Sharp treated visitors to this year's IFA trade show to an astonishing glimpse of the future of television -- an 85-inch 'Super Hi-Vision' TV with an 8K4K resolution. The display was a prototype conforming to the Ultra High Definition Television (UHDTV) standard, currently being developed by Japanese state broadcaster NHK.
UHDTV has a resolution of 7,680x4,320 pixels. That's about 33 million pixels in total. Such a resolution is also a staggering 16 times higher than that of today's 1080p screens. By our reckoning, that makes Sharp's display a generation or two ahead of the 4K2K TVs that are only now beginning to emerge from R&D bunkers, one example being the Toshiba 55ZL2.
Sharp and NHK suggest that 8K4K experimental broadcasts will begin in 2020, while research into the system actually began back in 1995. The difficulties of producing, managing and distributing TV content of this calibre seem almost insurmountable. It's not currently possible to deliver UHDTV over the airways because of its Godzilla-like bandwidth appetite and it would choke current satellite delivery systems.
Ultimately, it's going to take multiple breakthroughs in technology to make 8K4K even remotely feasible for broadcasters and the entertainment industry. And you can forget about upscaling -- the gulf between the 1080p and 8K4K resolutions is just too wide.
Manufacturers have long touted their tellies' images as 'lifelike' and 'realistic', but Sharp's TV makes current pictures looks like Matt Groening's scribbles. The astonishing clarity of the picture is nothing short of mesmerising. There are gradations of texture and detail that can only be absorbed when you begin to repeatedly pore over the picture. Moving images take on the fascination of a Van Gogh or Renoir painting.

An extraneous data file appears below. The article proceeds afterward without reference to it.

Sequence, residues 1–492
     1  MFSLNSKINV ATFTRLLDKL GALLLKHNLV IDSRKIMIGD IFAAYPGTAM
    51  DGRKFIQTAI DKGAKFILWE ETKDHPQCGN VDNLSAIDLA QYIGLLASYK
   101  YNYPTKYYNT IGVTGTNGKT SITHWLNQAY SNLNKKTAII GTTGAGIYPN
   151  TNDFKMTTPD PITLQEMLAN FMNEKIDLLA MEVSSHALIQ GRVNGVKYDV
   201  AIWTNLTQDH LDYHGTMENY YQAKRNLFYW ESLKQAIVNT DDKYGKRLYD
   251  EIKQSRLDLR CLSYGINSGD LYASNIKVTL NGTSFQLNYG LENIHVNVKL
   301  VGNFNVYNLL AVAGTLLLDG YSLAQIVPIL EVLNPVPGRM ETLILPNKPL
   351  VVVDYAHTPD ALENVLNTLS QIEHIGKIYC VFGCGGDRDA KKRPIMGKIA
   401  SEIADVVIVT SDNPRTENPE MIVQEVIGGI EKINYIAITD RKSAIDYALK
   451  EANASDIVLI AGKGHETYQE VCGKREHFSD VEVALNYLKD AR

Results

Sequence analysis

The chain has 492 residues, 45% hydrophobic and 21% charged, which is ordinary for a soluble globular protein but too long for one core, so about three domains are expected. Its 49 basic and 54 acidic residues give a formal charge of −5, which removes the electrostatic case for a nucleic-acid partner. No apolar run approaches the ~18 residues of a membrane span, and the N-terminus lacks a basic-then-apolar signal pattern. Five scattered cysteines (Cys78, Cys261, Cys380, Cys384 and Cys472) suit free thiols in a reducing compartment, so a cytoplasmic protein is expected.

Currently, the only camera in the world that can shoot 8K4K footage is a prototype developed by NHK itself. The test footage we watched at IFA was shot by the broadcaster at an Onbashira festival. This extraordinary spectacle involves dozens of Japanese folk in traditional garb clinging onto a huge log for dear life as they ride it down a steep slope. Onlookers swarm around as the riders are bounced painfully from their wooden perch.
The sequence looped around and around, and every time we found something new in the picture. The image literally crawled with detail, from the hundreds of onlookers to the careening log itself. The UHDTV panel was able to reveal every grimace etched onto the face of the riders, as well as the texture of the surrounding forest and multi-hued audience. There were no image artefacts or blurring, just preternatural detail.
This TV is an LCD set bolstered by Sharp's proprietary UV2A (ultraviolet-induced multi-domain vertical alignment) tech. UV2A focuses liquid crystal molecules with UV light to give optimum contrast. Sharp's boffins say that the technique equates to a 20 per cent contrast boost over regular LCD. It's clearly effective. Even when viewed in ambient light, we experienced no significant hit to contrast.
We can only begin to speculate how a super-high-resolution display system like this might be used. Its potential extends beyond mere TV, perhaps to medical applications and public displays. The latter might be a good way of exploiting the technology -- to appreciate a 33-million-pixel image, you really need to see it big.
It could be argued that a screen of 85 inches is far too small to really sell the benefits. We've seen UHDTV pictures projected onto a screen of IMAX dimensions and there was still no pixel grid structure apparent. Mind you, that was at NHK's Japanese HQ, accompanied by a 22.2-channel sound system.
At any rate, as a piece of audio visual engineering, Sharp's 8K4K panel is a triumph. Click through the gallery above to see more images of it.